EcoCAR student turns hobby into future career

Posted: September 25, 2017

Andrew Huster
“Engineering was a hobby of mine, but EcoCAR gave me a place to turn my hobby into a project,” Andrew Huster said, the 2016 EcoCAR 3 team leader who red his Master’s Degree in Electrical and Computer Engineering in August.

EcoCAR 3 is the latest Advanced Vehicle Technology Competition, sponsored by the U.S. Department of Energy and General Motors, and running from 2014 to 2018. The competition challenges sixteen universities in the U.S. and Canada to reengineer a 2016 Chevrolet Camaro into a performance hybrid vehicle.

Huster’s hobby-turned-project eventually turned into his future career. He joined General Motors (GM) as a feature integration engineer in August to begin validating the performance of automated driving and active safety features (such as blind spot warning, adaptive cruise control and lane departure warning) on new GM vehicles. But his career could have taken another route had it not been for his experiences with the EcoCAR team.

After attending his first EcoCAR meeting, Huster felt right away the team would be a great fit for him.

“I knew I could use the engineering skills I had for a specific purpose. It also gave me something to do in my free time,” Huster said.

Huster started out as an electrical team member mid-way through year one of the EcoCAR 2 competition (2011-2014), which was based on a Chevrolet Malibu. He played a hands-on role putting electrical systems together for the vehicle. Huster then transitioned to electrical team leader where he had fewer hands-on responsibilities and spent most of his time coordinating members of his team and making sure projects were being completed. This role set him up for his final role with the team, team leader.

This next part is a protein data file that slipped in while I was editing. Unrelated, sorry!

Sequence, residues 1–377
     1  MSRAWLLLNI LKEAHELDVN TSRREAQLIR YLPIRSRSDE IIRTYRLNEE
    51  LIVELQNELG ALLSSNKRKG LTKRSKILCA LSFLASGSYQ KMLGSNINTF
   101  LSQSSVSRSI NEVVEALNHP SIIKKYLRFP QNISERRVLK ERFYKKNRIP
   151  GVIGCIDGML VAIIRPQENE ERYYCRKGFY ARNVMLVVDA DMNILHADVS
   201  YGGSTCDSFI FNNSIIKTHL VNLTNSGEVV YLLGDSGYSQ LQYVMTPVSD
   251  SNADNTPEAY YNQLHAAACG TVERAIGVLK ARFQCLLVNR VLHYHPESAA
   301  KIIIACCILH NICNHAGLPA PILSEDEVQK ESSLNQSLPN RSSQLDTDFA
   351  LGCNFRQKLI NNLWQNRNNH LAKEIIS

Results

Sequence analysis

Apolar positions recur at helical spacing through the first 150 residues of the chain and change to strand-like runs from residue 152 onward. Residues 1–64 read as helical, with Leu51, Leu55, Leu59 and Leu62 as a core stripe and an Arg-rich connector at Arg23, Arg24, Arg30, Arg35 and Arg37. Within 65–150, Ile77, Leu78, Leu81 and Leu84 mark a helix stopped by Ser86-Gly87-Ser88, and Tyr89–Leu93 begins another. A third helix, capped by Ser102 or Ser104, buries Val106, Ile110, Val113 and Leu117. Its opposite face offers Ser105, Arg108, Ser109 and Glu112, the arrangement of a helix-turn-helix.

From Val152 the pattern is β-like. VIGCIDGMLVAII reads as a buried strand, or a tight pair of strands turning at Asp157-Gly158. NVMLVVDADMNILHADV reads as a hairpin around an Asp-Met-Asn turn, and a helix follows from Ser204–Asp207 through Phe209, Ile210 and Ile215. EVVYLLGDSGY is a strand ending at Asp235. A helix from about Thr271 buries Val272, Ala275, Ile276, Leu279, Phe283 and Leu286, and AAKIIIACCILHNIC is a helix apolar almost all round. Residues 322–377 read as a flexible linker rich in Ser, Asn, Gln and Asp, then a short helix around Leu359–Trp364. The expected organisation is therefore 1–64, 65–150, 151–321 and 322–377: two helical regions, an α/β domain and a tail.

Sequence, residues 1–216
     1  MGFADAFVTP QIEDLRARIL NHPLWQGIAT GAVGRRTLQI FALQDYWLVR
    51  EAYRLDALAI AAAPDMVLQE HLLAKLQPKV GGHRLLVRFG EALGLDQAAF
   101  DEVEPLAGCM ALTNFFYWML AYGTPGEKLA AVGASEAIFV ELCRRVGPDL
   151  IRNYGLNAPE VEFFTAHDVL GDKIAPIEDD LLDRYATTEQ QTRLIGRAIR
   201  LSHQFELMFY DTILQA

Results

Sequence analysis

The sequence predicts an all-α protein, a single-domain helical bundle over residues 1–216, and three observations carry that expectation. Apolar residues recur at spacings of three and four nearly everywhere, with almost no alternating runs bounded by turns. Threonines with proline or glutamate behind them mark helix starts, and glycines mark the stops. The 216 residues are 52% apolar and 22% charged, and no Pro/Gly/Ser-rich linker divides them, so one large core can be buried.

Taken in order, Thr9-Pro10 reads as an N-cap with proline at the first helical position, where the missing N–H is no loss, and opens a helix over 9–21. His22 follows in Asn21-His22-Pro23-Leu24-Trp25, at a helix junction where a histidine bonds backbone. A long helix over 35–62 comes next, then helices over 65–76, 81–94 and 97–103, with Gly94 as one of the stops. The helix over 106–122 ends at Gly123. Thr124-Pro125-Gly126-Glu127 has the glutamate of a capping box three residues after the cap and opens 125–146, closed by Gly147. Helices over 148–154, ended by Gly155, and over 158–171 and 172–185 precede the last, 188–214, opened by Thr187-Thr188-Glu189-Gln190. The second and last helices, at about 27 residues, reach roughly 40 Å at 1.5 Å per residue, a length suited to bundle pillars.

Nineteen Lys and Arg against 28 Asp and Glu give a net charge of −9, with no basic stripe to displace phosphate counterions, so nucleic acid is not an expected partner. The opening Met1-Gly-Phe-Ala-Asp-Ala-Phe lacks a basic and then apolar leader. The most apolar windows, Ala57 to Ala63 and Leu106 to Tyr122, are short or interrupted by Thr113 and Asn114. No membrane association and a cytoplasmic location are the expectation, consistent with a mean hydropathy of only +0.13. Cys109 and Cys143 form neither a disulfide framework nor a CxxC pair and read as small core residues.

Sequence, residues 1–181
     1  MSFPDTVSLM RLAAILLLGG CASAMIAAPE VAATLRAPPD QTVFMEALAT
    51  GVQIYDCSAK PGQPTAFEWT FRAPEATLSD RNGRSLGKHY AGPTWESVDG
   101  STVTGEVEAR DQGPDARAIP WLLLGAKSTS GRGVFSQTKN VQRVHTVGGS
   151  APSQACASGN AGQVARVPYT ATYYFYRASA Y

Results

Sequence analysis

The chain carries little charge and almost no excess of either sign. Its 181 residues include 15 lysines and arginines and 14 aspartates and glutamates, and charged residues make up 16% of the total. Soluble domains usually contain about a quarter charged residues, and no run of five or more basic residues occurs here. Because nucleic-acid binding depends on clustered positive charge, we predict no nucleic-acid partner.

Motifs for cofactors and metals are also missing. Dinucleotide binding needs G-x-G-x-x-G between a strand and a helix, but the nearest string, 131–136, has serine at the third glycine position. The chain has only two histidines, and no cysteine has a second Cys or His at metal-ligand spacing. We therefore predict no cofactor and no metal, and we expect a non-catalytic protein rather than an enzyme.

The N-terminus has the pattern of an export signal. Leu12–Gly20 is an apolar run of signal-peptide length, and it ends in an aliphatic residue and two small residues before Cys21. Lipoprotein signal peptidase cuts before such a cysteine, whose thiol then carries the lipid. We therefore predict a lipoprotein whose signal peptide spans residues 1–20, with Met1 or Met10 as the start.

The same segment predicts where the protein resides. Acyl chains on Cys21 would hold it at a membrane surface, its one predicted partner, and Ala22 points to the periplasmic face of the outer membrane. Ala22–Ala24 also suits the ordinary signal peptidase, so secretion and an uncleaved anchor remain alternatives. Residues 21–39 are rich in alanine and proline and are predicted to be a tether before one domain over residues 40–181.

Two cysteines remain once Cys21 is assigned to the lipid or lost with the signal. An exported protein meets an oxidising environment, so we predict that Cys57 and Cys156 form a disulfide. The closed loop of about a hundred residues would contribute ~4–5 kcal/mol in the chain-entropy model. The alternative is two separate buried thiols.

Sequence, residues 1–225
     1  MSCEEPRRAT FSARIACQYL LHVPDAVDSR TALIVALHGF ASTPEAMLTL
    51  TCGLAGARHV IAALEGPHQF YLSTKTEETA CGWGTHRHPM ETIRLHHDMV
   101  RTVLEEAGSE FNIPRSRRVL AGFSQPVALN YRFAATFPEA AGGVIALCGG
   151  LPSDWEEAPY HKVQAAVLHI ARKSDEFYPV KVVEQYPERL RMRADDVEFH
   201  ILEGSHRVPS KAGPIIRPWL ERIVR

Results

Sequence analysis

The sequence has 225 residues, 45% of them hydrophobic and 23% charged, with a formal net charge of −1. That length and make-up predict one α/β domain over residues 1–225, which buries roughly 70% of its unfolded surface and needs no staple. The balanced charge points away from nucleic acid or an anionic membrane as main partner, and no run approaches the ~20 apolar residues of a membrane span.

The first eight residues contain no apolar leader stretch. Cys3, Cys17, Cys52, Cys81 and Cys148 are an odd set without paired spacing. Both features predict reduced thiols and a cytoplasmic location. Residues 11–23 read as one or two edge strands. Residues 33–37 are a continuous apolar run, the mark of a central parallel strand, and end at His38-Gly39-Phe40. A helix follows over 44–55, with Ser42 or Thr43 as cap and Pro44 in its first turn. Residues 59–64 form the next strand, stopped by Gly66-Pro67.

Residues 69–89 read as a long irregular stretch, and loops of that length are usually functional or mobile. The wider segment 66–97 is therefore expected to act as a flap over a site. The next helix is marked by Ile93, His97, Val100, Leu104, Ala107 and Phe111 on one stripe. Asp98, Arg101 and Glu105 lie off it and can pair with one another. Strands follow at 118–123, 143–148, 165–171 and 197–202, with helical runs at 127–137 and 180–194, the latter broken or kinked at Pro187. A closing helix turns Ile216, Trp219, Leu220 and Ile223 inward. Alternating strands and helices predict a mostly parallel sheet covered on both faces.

“My favorite position to have on the team was team leader,” he said. “It gave me the systems engineering and integration perspective. All of the teams--mechanical, electrical, controls, and so on—have to complete their specific tasks and meet up at the end. Overseeing all of those activities let me get involved in areas that I’m not an expert in. That’s been really cool because I get to learn more about all of the different projects and tasks involved in building a car. Not that I could go and do them, but just to be exposed to it and have a greater understanding of how to put a vehicle together has been pretty neat.”

Having the opportunity to serve in these different roles has had a huge influence on Huster’s career.

“Originally, I thought I wanted to be a technical expert, someone who has really in-depth knowledge about a particular topic but doesn’t manage people,” Huster said. "But my leadership roles on the EcoCAR team have really changed my career goals.”

Between classes, time spent on EcoCAR (more than 30 hours per week!) and the various internships he’s had at Ford, GM and dSPACE, a mechatronic controls system company, Huster doesn’t have much free time, but when he does you can find him trading in four wheels for two and riding his bike around Columbus, or in the kitchen. “I make a good chipotle chicken.”

Story courtesy of Colleen Herr at the Center for Automotive Research